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Sunday, June 12, 2005

Pride in the Dark
Brooklyn Pride was a sweet shambles of an event. (Actually, though, we only saw the parade; it was waaaay too hot to schlep down to the stalls/performances/carb fest.)

It was my first ever night parade, and I must say I don’t quite get it (the fact that it was the first pride I’d attended where I could buy the next day’s paper on my way home didn’t quite justify it).

The best part was watching all the drama. The march was supposed to set off at 8, but by 9 there were no signs of anything (other than traffic disruption) about 10 blocks past the stepping-off point. Then the dykes on bikes showed up (the usual no-helmet rule seemed even more perilous in the dark), followed by some mounted police who may or may not have been gay (if they were gay, surely there’d’ve been more women—and they were in uniform, unlike the [chubby-looking] PBA group that marched). After that came an old drag queen (my dear, the only one of the night—a record, but who wants to be strutting their fabulousness when no one can see you?) with a dog in a pram—as a lesbian mother standing next to me remarked, "Now we know why men don’t have babies," after all, he kept walking off and abandoning the poor pooch in its carriage. Then came three guys holding up a Brooklyn Pride banner. They marched by us, and then they had to stand around for a while waiting, then waiting a little more, then getting aggravated with each other. After a few minutes they were just full-on fighting, arguing over what had gone wrong with the parade, the right way to hold a five-feet-tall banner, and, from the looks of things, why the guy on the left was cruising the crowd (though quite what he could cruise was hard to see—true to Park Slope’s reputation, it was mostly women lining the street). By the time they actually started moving (and it was an inexplicable age), they were barely speaking, and the queen on the right was passively-aggressively holding the banner so that "Brooklyn Pride" was folded over and illegible from the front.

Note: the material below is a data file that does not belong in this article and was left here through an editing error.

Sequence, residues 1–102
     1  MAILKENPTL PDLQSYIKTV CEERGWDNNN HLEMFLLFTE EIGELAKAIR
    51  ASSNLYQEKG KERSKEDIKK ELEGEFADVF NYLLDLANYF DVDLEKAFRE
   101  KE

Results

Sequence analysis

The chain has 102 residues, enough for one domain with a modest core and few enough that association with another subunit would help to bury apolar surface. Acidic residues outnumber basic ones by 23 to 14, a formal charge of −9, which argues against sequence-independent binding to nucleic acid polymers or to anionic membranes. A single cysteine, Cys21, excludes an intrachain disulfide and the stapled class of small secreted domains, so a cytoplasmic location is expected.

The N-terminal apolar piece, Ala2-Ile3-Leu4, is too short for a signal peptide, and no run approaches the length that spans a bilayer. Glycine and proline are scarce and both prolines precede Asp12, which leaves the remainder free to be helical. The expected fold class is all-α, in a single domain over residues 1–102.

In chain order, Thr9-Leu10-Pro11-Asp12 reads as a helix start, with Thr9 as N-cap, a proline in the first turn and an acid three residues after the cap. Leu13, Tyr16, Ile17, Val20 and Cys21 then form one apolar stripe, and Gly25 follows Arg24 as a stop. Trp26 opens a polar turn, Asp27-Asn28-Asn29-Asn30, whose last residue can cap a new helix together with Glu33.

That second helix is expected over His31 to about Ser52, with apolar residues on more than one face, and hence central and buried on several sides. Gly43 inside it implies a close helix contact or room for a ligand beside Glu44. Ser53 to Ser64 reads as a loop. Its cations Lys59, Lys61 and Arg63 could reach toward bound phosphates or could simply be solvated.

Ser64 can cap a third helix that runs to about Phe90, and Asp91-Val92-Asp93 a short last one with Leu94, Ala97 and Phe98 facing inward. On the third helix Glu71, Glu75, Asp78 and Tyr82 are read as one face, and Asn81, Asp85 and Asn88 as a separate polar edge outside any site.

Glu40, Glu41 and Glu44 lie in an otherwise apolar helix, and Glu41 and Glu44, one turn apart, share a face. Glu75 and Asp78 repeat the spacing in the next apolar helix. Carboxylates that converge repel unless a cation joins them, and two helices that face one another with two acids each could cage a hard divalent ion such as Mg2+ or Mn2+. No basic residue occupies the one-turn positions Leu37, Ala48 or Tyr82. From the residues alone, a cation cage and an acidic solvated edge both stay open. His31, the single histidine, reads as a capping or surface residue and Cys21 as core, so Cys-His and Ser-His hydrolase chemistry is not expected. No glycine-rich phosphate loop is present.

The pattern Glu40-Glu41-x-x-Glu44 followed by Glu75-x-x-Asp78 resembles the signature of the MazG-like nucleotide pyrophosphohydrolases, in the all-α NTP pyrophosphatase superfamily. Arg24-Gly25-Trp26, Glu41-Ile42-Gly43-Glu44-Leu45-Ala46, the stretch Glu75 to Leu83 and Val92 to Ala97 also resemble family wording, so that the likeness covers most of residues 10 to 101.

There were no marching bands or twirlers or even any floats from local gay bars (just one dyke bar, geared to the older set, judging from the folks on the float), but naturally there were a brace of campaigning politicians—Anthony Weiner and Gifford Miller, who are both running for mayor. There was also a lovely lesson in how to be a pol: Brooklyn Borough President Marty Markowitz was very well-amplified (very important), had his chants down pat ("LGBT Spells Brooklyn"), and was reciting the names of candidates who were sharing his well-lit float.

The parade finally passed our street (just a few blocks from the break-up point—and I bet there were some tonight) around 10 p.m. I’m sure it’s no coincidence that pretty much every other city has its pride parade during the day!

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